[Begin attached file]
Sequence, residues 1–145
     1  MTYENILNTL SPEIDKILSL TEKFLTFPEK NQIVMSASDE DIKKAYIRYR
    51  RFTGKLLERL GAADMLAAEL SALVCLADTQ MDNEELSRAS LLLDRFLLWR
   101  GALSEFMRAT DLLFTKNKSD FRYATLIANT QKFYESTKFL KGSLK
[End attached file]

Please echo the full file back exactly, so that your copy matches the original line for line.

Sequence, residues 1–145
     1  MTYENILNTL SPEIDKILSL TEKFLTFPEK NQIVMSASDE DIKKAYIRYR
    51  RFTGKLLERL GAADMLAAEL SALVCLADTQ MDNEELSRAS LLLDRFLLWR
   101  GALSEFMRAT DLLFTKNKSD FRYATLIANT QKFYESTKFL KGSLK